80th Anniversary Handover of Treaty Ports 11 July 2018 & Cork Harbour Trail
Cork County Council’s award winning tourist attraction Spike Island celebrated the 80th anniversary of the handover from Britain to Ireland of the Treaty Ports with a ceremony attended by almost 400 guests, including the Mayor of the County of Cork Cllr Patrick Gerard Murphy, GOC 1 Brigade Brigadier-General Patrick Flynn, and Cork County Council Chief Executive Tim Lucey. The descendants of some of the Irish Army, who took control of the fortifications on Spike Island, were among the guests at the commemoration.
An account by a witness in Cobh recorded the events in a letter to her sister;
We got in just as the Tricolour crept up the flagstaff on Spike Island and in all my life I never before felt anything like the sensation I got when that flag went up. All the crowd roared as loud as their lungs could go, they jumped, clapped and waved their hats, even as I think of it I could still break my heart crying. I was grand. The pipers on the mainland then played the National Anthem and there was no more to be seen than only the flag flying over the harbour. There was just a lovely breeze there and it used allow the flag to open its folds and then it would lift up itself and wave! – (July 12th, 1938)
Speaking at the 80th Anniversary on 11 July 2018, Mayor Murphy noted how even after the Treaty of 1921, the harbour forts were considered so important it took a further 17 years before Fort Westmoreland on Spike island would come under Irish control for the first time.
Since the handover of 1938 Spike Island has been used by the Irish Army during ‘the Emergency’, as World War 2 was known in Ireland – right up until 1979 before it was handed over to the Irish Naval Service, became a prison once again in 1985, serving this role until 2004. Spike Island has now begun a new chapter in what is an incredible history. It is now a top tourist success, thanks to the people of Cork who have invested and believed in the potential we have around us.
Cork County Council Chief Executive Tim Lucey spoke of how the Council realised the huge potential of Spike Island and the ongoing plans to continue to develop the island.
Spike Island has welcomed close to 100,000 visitors and almost doubled its numbers in 2017 to 45,000 visitors annually. The island now has over 10 full time employees and up to 40 seasonal part time workers, and in 2017 the attraction contributed an estimated 6.5 million Euro to Cobh’s economy. We have ambitious plans to increase the ferry capacity, add an international welcome hub on the pier, all with the specific focus of increasing international visitors to the island, making the attraction self sustainable and a jewel in the crown of Muster tourism.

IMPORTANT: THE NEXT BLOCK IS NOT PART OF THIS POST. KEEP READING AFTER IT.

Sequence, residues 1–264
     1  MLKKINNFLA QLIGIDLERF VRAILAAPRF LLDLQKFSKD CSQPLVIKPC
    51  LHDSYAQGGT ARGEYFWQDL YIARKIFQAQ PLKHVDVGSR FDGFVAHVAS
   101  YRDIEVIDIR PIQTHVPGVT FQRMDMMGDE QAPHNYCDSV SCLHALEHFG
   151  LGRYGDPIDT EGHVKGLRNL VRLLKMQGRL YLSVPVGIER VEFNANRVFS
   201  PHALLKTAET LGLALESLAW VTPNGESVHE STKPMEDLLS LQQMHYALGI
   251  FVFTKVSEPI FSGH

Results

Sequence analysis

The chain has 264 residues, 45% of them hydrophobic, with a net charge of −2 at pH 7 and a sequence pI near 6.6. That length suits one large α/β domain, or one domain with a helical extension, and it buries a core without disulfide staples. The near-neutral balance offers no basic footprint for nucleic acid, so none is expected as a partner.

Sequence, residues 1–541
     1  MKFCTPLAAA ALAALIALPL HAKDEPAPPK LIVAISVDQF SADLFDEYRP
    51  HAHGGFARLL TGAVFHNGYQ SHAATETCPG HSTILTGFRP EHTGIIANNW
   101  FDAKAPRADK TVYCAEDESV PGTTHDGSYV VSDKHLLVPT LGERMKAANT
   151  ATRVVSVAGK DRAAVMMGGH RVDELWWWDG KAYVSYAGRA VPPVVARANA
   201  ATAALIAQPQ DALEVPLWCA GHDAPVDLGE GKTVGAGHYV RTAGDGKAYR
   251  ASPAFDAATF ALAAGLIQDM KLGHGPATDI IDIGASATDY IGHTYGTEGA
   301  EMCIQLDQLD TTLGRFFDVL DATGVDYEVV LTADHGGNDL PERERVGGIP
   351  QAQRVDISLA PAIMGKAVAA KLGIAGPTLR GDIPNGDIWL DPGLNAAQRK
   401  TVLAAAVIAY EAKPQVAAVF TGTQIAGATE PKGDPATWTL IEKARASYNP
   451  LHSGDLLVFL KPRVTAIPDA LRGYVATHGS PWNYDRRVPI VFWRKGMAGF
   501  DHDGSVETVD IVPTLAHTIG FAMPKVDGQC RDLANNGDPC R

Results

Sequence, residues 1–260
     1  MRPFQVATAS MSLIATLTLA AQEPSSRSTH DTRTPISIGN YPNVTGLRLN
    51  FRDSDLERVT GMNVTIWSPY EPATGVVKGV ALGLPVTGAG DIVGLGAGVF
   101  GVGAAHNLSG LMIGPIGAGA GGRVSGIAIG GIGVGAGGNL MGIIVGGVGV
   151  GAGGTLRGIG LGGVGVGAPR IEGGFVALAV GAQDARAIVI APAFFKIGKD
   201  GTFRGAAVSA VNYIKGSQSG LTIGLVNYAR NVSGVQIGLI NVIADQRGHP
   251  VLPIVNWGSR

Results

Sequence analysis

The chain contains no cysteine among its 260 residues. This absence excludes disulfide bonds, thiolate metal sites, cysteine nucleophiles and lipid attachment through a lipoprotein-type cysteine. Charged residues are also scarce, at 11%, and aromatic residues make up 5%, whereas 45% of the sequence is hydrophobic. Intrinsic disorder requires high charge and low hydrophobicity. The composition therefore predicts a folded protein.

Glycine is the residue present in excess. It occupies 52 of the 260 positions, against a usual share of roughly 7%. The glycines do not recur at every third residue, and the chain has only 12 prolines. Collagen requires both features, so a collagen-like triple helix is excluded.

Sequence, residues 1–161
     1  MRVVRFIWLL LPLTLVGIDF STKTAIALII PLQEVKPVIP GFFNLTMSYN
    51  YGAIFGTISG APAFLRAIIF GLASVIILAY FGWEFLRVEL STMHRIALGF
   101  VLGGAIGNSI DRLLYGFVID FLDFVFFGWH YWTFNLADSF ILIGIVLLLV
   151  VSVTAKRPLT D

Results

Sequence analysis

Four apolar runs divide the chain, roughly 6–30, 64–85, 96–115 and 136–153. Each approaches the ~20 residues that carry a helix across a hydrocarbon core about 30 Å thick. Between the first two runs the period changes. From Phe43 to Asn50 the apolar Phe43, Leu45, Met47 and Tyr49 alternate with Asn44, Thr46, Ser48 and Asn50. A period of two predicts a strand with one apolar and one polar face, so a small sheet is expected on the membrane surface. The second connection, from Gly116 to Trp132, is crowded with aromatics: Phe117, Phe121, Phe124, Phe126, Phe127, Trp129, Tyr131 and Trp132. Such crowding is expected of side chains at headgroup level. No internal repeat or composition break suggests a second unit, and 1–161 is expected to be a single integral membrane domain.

Spike Island’s General Manager John Crotty said that “On that day in 1938 our island nation grew just a little larger in size, but infinitely larger in stature”.
The island is now set to apply for a second round of funding to further develop the site in 2019, with an application for co-funding by Cork County Council and Fáilte Ireland to fund Phase 2 works.
Cork Harbour Trail
Cork County Council recently launched the World War 1 Cork Harbour Trail. The trail sets out a number of key locations within the Harbour chosen for the role they played during World War 1.
During World War 1, the British Navy headquarters at Queenstown, (the name given to Cobh from 1849 to 1923) covered the critical sea area from the Sound of Mull in Scotland to Ushant in France. The Royal Navy and later the United States Navy set up anti-submarine patrols from Cork Harbour to protect this area. This effort became crucial during Germany’s unrestricted underwater warfare campaign in 1917-1918.
The maritime force based in Cobh consisted of sloops with trawlers, drifters, motor launches and submarines, to which were later added minesweepers and disguised merchant ships known as ‘Q’ ships. In addition to its military role, the Harbour was vital for the export of agricultural produce to the mainland UK and for the export of Irish horses and other supplies so essential for the war effort carried on an assortment of steamers, mail boat, ferries and a variety of small and large vessels.
Four British military coast defence forts protected the harbour during the First World War, namely: Fort Templebreedy and Camden Fort Meagher on the western side; Fort Davis (Carlisle) on the eastern side; and Fort Mitchel (Westmoreland) located on Spike Island in the inner harbour.
Today, most of the sites in Cork Harbour which played a vital role during World War 1 have been developed by Cork County Council into tourist attractions. Camden Fort Meagher, Spike Island, and the Cobh Heritage Centre have benefited from major investment from the Council and continue to attract visitors to the Harbour area in growing numbers. The World War 1 trail is another feature enabling visitors to discover the vast history of the area.
Fort Davis and Fort Templebreedy remain the property of the Department of Defence.
The Harbour Trail project has been fully designed and funded by Cork County Council. The development of the trail is due to the vision of the late Cllr. Claire Cullinane RIP who was a great advocate for the heritage potential of the whole of Cork Harbour and who initially proposed the trail.